Enough rights of way, John and Jake? That’s an interesting suggestion. It would be very interesting to get a state wide map and county records and tally up what percentage of South Dakota land is not fully under the control of its owners. We could have a really good engineering discussion over such data/ Surely there are some kinds of infrastructure that aren’t compatible and should be laid in the same routes. Maybe we can’t lay everything in highway rights of way due to the disruption to motor traffic that would be caused by the constant inspection and maintenance work that all the pipelines would require.

    But I can see a couple of logical maxima that would arise in that debate. First, there is surely a maximum amount of right of way that we can allow. We can’t let every inch of private property be gobbled up by rights of way… unless we want to go Marxist, dissolve all private property, and subject every acre to public use. But I can also envision some practical maximum of infrastructure that we could place in one right of way. We can lay only so many concrete lanes, metal pipes, electrical and fiber-optic cables, and bullet trains within a 150-foot span. Eventually a 150-foot span would be jampacked edge to edge from 50 feet above to 50 feet below, and we couldn’t practically piggyback one more pipe. We’d have to either remove or reduce some of the existing infrastructure to make room for the new pipe, expand the right of way, or say, “Sorry, no more infrastructure.”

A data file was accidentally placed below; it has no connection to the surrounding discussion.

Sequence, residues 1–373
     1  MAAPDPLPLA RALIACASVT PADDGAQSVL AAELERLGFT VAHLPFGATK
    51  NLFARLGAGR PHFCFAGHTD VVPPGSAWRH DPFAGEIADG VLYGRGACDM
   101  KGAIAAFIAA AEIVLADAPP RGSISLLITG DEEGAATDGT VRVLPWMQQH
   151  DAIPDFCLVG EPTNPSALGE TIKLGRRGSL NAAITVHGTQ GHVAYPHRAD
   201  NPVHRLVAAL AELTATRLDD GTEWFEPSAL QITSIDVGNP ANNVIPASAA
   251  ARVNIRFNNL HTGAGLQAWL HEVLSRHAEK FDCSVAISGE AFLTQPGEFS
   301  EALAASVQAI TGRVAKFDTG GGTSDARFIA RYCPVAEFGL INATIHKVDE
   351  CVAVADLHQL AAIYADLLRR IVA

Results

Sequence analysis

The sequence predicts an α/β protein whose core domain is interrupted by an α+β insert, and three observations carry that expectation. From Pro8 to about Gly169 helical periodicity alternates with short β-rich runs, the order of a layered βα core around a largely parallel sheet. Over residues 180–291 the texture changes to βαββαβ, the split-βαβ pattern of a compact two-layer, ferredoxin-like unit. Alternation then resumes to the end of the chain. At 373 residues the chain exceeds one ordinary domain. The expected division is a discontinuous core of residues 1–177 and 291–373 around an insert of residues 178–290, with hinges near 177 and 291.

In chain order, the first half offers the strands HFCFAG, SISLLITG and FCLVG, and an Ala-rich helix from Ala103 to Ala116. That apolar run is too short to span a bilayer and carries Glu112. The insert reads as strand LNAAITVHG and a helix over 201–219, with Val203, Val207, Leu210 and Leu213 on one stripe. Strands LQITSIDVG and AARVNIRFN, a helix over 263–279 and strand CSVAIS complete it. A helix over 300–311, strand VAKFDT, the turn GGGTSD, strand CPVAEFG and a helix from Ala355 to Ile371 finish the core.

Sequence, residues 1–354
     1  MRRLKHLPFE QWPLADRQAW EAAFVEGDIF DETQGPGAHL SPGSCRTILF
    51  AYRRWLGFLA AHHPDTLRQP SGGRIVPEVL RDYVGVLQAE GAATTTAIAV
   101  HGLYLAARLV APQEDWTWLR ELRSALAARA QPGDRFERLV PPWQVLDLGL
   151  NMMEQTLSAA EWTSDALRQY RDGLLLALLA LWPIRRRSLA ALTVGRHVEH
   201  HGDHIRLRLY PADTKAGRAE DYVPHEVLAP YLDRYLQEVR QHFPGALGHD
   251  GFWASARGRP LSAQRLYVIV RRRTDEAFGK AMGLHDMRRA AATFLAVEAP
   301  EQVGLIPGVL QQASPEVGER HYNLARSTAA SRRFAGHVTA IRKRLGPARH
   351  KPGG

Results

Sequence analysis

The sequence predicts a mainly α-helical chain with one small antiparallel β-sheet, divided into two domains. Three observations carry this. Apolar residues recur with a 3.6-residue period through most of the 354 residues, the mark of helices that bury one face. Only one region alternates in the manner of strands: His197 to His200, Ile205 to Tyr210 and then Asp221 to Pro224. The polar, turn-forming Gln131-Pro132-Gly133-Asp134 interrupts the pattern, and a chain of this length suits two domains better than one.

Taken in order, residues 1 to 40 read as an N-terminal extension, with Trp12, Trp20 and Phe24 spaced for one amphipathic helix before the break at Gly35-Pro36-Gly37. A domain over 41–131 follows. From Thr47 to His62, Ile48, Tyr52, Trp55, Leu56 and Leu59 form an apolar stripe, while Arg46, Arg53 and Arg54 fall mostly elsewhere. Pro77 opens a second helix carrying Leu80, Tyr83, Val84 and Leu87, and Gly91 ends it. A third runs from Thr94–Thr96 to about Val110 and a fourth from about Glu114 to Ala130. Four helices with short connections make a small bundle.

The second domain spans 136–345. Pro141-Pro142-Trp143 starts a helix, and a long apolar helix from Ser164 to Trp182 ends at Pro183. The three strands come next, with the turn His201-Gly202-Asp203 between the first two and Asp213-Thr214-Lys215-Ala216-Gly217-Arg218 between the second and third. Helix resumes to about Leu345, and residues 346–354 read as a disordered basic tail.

Imagine reaching a point of maximum allowable infrastructure: no more new roads or pipelines—we have to make due with what we have. We’d have to set some priorities then.